Dommett and Power review over 30 existing recommendations for change in relation to five key areas: money, non-party campaigns, targeting, data and misinformation, drawing out many points of consensus.
The government has already committed to legislating for digital imprints, yet has thus far not set out a clear timeline as to its implementation. Far more remains to be done beyond digital imprints.
The authors highlight 10 key recommendations:
- Require campaigners to provide the Electoral Commission with more detailed, meaningful and accessible invoices of what they have spent, and to subdivide spending returns to provide more precise information about online campaigning.
- Strengthen the powers of the Electoral Commission to obtain information outside of an investigation, to share information with other public agencies, to increase the maximum fine, to investigate and sanction candidates for breaking the rules. The Electoral Commission needs sufficient resources and powers to be an effective regulator in the digital age.
- Implement shorter reporting deadlines so that financial information from campaigns on their donations and spending is available to voters and the Commission more quickly after a campaign, or indeed, in ‘real time’. This would enhance transparency by ensuring voters can see who is spending and receiving money during the course of a campaign, not many months later.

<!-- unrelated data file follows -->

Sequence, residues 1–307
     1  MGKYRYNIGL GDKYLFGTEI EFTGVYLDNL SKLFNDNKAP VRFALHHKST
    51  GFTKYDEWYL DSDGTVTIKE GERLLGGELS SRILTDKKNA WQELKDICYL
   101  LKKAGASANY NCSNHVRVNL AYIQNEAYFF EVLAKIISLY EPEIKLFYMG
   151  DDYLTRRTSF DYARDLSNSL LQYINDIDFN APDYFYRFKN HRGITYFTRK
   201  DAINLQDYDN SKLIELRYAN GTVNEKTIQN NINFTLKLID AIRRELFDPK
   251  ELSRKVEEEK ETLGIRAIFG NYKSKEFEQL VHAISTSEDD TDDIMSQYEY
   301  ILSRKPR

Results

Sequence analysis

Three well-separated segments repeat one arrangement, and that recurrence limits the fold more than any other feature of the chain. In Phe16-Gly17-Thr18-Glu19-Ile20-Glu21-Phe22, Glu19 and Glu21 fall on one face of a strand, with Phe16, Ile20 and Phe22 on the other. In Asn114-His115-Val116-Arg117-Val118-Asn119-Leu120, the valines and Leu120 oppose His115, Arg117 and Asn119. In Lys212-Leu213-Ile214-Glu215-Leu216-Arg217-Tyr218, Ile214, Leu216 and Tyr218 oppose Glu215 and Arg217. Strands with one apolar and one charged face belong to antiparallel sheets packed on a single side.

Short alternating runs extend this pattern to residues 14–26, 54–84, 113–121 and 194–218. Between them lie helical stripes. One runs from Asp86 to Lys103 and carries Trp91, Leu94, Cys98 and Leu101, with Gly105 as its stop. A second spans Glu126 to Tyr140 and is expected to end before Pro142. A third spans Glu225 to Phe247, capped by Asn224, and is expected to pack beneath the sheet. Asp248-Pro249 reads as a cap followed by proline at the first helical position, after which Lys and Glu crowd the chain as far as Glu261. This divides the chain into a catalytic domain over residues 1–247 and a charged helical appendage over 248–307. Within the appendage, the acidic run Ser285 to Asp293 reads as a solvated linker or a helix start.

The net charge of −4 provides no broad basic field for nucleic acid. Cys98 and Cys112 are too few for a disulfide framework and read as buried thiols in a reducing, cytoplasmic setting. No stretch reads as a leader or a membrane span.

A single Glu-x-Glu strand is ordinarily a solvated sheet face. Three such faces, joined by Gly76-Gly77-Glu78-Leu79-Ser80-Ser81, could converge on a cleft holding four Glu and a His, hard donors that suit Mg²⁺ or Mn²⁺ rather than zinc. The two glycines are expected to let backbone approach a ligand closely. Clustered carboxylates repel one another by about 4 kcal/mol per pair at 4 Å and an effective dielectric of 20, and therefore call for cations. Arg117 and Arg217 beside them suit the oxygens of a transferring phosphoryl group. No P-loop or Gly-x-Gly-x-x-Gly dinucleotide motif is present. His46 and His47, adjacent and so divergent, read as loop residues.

- Regulate all donations by reducing ‘permissibility check’ requirements from £500 to 1p for all non-cash donations, and £500 to £20 for cash donations.
- Create a publicly accessible, clear and consistent archive of paid-for political advertising. This archive should include details of each advert’s source (name and address), who sponsored (paid) for it, and (for some) the country of origin.
- New controls created by social media companies to check that people or organisations who want to pay to place political adverts about elections and referendums in the UK are actually based in the UK or registered to vote here.
- New legislation clarifying that campaigning by foreign organisations or non-UK residents is not allowed, and that campaigners cannot accept money from companies that have not made enough money in the UK to fund the amount of their donation or loan.
- Legislate for a statutory code of practice for the use of personal information in campaigns.
- A public awareness and digital literacy campaign which will better allow citizens to identify misinformation.
- Rationalise electoral law under one consistent legislative framework. Current electoral law is piecemeal, complex and dates back to the Victorian age, with little having changed since then.
Calls for greater regulation of digital campaigning have been growing in recent years. With elections due to take place across the UK in May 2021, we cannot let the urgent task of ensuring our electoral integrity be kicked into the long grass once more.
The full report is available at: https://www.electoral-reform.org.uk/democracy-in-the-dark-digital-campaigning-in-the-2019-general-election-and-beyond/